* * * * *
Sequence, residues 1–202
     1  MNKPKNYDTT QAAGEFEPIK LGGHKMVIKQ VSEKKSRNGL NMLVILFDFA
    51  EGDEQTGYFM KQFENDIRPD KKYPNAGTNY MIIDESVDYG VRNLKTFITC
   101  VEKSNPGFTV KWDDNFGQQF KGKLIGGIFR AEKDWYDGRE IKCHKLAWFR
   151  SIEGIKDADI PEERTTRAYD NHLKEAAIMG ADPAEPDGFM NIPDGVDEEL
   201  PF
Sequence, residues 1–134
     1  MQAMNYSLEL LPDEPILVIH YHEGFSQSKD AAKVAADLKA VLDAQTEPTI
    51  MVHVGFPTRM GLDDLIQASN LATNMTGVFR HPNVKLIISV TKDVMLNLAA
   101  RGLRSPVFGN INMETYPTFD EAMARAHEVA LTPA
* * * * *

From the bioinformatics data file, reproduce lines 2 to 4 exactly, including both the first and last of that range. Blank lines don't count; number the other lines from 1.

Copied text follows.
     1  MNKPKNYDTT QAAGEFEPIK LGGHKMVIKQ VSEKKSRNGL NMLVILFDFA
    51  EGDEQTGYFM KQFENDIRPD KKYPNAGTNY MIIDESVDYG VRNLKTFITC
   101  VEKSNPGFTV KWDDNFGQQF KGKLIGGIFR AEKDWYDGRE IKCHKLAWFR